TL;DR — The iron rice bowl is the skills and networks you have, not the job.
“Is there ever an iron rice bowl?” asked my friend, a corporate trainer, as we had lunch last year.
I thought about it.
MNC jobs were not as stable as they used to be. Civil service jobs were pretty stable, but I knew friends who quit because of various reasons to do their own thing or go into the private sector.
“I’m not sure anymore,” I replied to my friend.
“Jobs change so quickly. Just a few decades ago, we produced mosquito coils and socks. But now, disruption is the norm.”
He looked at me with all the wisdom he had acquired over the years in both corporate and freelancing, and said, “The iron rice bowl is in you. Not the job. It is what you have acquired that makes you be able to find a new job even if your existing job is gone. Your skills, knowledge, networks etc.”
The iron bowl inequality
For workers who are more mobile, physically, digitally and possessing the ability to scale up their skills, knowledge and networks, being an iron rice bowl worker could be achievable.
However, not every Singaporean is this privileged.
Vulnerable workers, among which are the low income and mature workers, find it extra extra hard to secure and stay in jobs.
That’s why social enterprise Findjobs made it their mission to help blue-collar workers find jobs.
Findjobs makes job-searching for blue-collar and mature workers as easy as possible.
In an earlier interview with Unscrambled.sg, Findjobs Stanley Lim explained:
“For a start, you do not need to create an account to use. You don’t even need to create a CV yourself. The app takes care of all these and even helps you to translate it into different languages (Findjobs also has Chinese and Malay versions) for the convenience of the HR department. We even added voice functions for job-seekers who can speak and understand Mandarin but are not too good with reading Chinese job description.”
How can vulnerable workers find jobs especially when jobs are scarce due to the Covid-19 pandemic?
Since the Covid-19 outbreak escalated this year, Findjobs’s Chief Product Officer Mr Ivan Lim noticed an increase in the numbers of recently “jobless” workers.
“As our platform serves mainly the lower wages and offline workers, it has been brought to our attention that we need a more ‘wrap around’ support to onboard these workers into new jobs as quickly as possible.”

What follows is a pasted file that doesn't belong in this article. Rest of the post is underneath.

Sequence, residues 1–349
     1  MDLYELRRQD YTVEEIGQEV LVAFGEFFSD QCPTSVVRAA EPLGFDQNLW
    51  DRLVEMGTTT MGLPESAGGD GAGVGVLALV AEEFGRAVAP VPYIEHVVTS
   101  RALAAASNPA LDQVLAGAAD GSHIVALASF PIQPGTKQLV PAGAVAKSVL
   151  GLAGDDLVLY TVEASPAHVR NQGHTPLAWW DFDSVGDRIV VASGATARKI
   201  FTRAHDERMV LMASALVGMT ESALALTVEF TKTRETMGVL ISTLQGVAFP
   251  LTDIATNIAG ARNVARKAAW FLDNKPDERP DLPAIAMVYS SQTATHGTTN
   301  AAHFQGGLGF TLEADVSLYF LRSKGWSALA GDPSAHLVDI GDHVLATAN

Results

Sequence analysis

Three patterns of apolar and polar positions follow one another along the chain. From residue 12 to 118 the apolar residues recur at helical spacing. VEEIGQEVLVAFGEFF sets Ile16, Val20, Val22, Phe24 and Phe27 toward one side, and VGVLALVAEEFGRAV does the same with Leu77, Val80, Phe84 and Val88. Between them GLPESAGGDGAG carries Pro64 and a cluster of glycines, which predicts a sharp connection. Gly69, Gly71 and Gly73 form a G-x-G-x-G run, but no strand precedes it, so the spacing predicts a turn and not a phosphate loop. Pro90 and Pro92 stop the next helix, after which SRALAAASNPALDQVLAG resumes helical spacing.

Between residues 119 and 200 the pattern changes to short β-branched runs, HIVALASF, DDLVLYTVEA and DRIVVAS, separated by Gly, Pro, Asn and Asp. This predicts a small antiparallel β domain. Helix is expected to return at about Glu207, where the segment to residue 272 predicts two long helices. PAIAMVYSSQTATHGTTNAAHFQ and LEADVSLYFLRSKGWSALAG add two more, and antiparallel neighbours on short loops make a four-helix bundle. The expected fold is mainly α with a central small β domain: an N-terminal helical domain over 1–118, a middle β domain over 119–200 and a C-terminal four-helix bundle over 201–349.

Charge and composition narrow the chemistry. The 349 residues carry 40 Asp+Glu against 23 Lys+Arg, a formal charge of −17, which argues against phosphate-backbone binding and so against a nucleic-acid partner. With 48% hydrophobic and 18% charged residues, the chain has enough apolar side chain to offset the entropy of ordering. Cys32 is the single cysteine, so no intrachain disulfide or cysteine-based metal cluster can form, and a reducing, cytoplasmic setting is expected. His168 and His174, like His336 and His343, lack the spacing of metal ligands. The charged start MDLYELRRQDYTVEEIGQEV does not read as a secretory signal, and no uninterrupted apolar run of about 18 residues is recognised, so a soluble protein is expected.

“Doing our small part to help these workers, Findjobs will be piloting an initiative called ‘100 jobs for 100 Singaporeans’ where we will advocate to employers to create jobs to hire Singaporeans. Under this initiative, Findjobs will absorb all job advertisement fees as well as provide a free ‘recruitment matching service’ (our parent company is a licensed employment agency).”
“Yes! It’s totally free for employers to hire Singaporeans through us. This pilot initiative is supported by e2i and raiSE Singapore.”
“Looking ahead, we may be expecting more and more older workers especially retired PMETs who wish to continue working by choice. Due to their age, these workers may not have the stamina for full employment and may have problems returning to the workforce. I would like to explore some solutions for this group of ‘active seniors’. Let’s look forward to an era of ‘micro jobs’!”
The government is also making it more attractive to companies to hire and retain Singaporean workers. In the Resilience Budget, Deputy Prime Minister Heng Swee Keat announced $16.4 billion to save workers’ jobs, support them and protect livelihoods.
“To me, the Resillience Budget only reinforced my thinking that we have such a good government unmatched by all in the world. I’m proud and grateful to be a Singaporean. The Jobs Support Scheme is my favourite. It helps our local businesses at such a challenging period and also protects thousands of jobs belonging to our fellow Singaporeans which may otherwise be at risk.”
Unemployment benefits are temporary, but having a job is the best welfare.
Besides Findjobs, do you know of any avenue for vulnerable workers to find jobs? Share with us in the comments below.
(Featured photo via)